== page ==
This story is not mine to tell, but I am sharing it because I witnessed an event this morning that reminded of something I learned a long time ago.
Early this Saturday morning while walking our dog, I could hear loud shouting in the distance by a young girl, “Get off me, go away. You fxx@ing moron!” These were just some of the words I heard; there were many more.
On hearing this, I immediately became anxious about what was happening. I could hear the sound way before I could see, and this was someone in distress.
As I continued on my walk, my mind raced with thoughts of what could be occurring. I could make out in the absence of my glasses three people who had just got out of a taxi. The girl was shouting at a boy who I assumed to be her boyfriend. The other male was doing his best to restrain her.
As we approached, the taxi drove off. It was clear the boy and girl had been drinking and were having a domestic; she was laying into him. The slaps came as she managed to swing a free hand past the third person who was doing his best to restrain her. I had no idea why the boy on the receiving end stayed to take the punishment. He was being told, “Go away”. But he stayed and looked like he could handle what was coming.
As I assessed the situation, I realised it was not what I had initially feared, a lone female voice shouting. But violence is violence no matter who is involved, and it was clear this situation was a mix of alcohol and high emotions.
I could not go by without getting involved, so I asked the boy on the receiving end if he was ok. To which he replied as he stepped back, “Yes mate”. I walked past slower than usual. Mainly because Darla, our dog had decided she wanted to watch this spectacle and probably like me was wondering why at 6.00 am there was all this excitement.
I had no idea of the situation, but it looked like the third person was doing his best at separating the two. As I walked away, thankfully I heard him say to his friend, “No, Jay, be the bigger man, walk away!”
Later on our return walk, it was no surprise to see the three of them had moved on a bit along the path. There was now a fourth girl of a similar age. Jay, the boy who had been on the receiving end of the slaps, had walked further ahead so was closer to Darla and me. As he approached, I could see he had been crying; he had blood on his hands. My heart stopped, and a terrible thought went through my mind.
Thankfully I could see over his shoulder the girl, and the other boy looked ok. I asked him, ”Are you alright; mate is there anything I could do.” He smiled, wiped away his tears and replied, “Nah mate, I’m alright; it’s just a bit of blood.”
Darla the impetuous puppy, she is jumped up at him, and he bent down to greet her. I told him to take care of himself, and he carried on walking in the opposite direction along the path.
I soon caught up with the remaining three and asked if they were ok. The boy who had previously tried to restrain the girl answered, explaining it was just a domestic and they had been drinking. He said, “There is nothing, anyone can do, thank you for asking, safe man”.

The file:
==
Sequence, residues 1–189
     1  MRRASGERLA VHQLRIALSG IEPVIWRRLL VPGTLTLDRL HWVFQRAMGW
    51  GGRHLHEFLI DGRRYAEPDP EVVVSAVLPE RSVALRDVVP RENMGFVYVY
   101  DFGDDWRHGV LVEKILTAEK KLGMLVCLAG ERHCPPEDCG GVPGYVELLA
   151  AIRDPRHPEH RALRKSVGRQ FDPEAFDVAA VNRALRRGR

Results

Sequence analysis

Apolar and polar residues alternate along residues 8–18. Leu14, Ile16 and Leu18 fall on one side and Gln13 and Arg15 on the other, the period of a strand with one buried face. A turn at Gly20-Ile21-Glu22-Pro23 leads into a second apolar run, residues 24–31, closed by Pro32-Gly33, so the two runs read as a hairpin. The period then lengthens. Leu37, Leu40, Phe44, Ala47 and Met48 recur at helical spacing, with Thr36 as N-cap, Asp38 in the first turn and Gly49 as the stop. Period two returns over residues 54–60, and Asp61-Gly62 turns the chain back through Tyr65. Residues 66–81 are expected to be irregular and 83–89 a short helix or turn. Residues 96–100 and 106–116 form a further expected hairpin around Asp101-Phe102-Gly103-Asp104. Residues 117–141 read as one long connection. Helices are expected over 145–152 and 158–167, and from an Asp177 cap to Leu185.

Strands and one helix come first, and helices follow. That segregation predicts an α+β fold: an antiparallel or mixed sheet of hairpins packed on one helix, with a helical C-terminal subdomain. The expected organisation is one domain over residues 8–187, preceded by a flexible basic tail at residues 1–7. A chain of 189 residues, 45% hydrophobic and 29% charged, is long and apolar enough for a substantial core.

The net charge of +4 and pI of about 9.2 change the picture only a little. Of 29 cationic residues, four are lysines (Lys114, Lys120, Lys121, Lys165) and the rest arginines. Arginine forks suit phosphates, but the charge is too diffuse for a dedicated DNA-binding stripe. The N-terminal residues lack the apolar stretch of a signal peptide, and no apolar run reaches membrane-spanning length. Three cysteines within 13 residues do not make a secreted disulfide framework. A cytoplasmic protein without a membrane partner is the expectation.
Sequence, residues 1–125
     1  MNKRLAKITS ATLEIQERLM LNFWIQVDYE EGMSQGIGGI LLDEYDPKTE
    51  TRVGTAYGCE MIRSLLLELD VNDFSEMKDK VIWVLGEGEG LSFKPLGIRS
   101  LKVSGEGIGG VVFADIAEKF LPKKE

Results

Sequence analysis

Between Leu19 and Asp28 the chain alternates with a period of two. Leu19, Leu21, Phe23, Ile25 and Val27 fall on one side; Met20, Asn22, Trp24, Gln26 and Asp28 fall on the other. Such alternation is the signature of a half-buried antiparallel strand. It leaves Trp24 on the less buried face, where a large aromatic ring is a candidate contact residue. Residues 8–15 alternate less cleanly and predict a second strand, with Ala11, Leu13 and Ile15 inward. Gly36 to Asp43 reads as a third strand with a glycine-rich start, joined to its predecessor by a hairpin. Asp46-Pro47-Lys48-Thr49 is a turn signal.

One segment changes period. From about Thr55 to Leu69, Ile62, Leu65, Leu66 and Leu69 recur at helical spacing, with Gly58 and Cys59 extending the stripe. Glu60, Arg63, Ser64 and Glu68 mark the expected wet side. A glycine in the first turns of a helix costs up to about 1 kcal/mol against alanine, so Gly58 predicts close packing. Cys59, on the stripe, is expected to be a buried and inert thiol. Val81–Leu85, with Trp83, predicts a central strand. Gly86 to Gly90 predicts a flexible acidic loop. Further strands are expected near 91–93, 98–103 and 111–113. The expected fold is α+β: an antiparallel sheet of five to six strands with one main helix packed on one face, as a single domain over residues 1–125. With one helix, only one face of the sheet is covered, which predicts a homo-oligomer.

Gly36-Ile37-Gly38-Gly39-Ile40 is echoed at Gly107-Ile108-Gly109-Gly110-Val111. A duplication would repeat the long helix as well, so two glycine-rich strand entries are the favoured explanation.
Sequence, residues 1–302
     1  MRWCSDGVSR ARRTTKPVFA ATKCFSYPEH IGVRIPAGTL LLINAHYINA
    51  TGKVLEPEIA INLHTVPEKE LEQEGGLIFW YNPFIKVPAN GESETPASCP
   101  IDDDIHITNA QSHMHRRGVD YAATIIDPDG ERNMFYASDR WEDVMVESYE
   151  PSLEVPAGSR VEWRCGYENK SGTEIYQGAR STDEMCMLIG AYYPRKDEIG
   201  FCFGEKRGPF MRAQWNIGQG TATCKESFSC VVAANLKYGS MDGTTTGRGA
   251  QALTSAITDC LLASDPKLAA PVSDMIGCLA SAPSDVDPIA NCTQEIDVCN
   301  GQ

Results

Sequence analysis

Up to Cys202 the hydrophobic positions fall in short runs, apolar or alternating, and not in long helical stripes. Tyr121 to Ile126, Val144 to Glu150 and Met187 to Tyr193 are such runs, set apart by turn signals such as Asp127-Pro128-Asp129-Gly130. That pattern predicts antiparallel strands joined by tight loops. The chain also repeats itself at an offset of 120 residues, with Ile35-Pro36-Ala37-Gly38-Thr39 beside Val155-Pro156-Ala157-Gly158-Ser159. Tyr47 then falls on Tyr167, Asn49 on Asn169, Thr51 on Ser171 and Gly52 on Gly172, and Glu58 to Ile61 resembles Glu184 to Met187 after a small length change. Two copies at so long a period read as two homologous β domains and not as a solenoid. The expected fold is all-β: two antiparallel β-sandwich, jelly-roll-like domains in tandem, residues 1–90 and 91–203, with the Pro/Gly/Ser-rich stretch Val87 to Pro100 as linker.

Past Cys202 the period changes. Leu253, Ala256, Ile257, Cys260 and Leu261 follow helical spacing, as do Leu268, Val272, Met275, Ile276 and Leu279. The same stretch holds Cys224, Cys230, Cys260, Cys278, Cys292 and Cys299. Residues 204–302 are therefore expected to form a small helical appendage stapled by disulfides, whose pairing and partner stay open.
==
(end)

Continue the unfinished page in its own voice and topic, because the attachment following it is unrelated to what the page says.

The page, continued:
Meanwhile, the two girls who were there were distracted; naturally, they ignored me. The new girl who had joined the original three was on her phone. The other girl who had now stopped shouting was looking on at Jay as he walked up the path. Suddenly she shouted out, “He is going to do it.” As I turned, I could see the boy who I had previously spoken to was making his way across the grass towards the road.
She began to run towards him, calling his name. I couldn’t believe what I saw; he was now some 50–60 meters away, and I could see him, with his hood up, hands in his pockets walking. Instantly I recognised what the girl meant by, “Don’t do it” and helplessly I watched as he kept walking and walking.
He didn’t stop; he walked straight into the road into oncoming traffic. My heart sunk. Luckily the car that was approaching saw him and stopped in time. The driver flashed his car lights and beeped his horn. It looked like the boy just paused for a second, to look at the car before he continued to walk.
I was appalled at what I just saw. I couldn’t believe he just stepped out into the road. In a fraction of a second less had the driver not managed to stop his car. It would have been a very different outcome for the driver, for him, for his friends. But I guess at that moment he was wrapped up in what he was feeling and wasn’t thinking straight.
Thankfully he made it across safely and the girl who had initially run towards him, knowing she would have never made it in time to stop him, was walking back, on her phone to join her friends.
I looked at the boy I was talking to, he had also seen what happened and just shrugged before turning to speak to the other girl who was still on her phone. They were concerned for their friend, but like me a distance away. I said, “I just hope he gets home safely” and proceeded to walk away slowly watching as it looked like they were working out where they needed to go.
I came away thinking in the space of a few minutes, how the tables had turned. The boy who looked like he had upset the girl was now the one who was visibly shaken and emotional. While the girl now looked like she was outwardly calm. I had no idea of what had gone on or why but what I do know is alcohol, and high emotions are a potent mix.
In a fraction of a second, a wrong decision is all it takes to change many lives, and we end up living with the consequences.
When emotions run high, we are all affected; we all bleed.
I do hope the boy got home safely and would understand. Just how events played out this morning and in a matter of minutes, emotions that were running high changed. The same would hopefully happen for him for the better with time.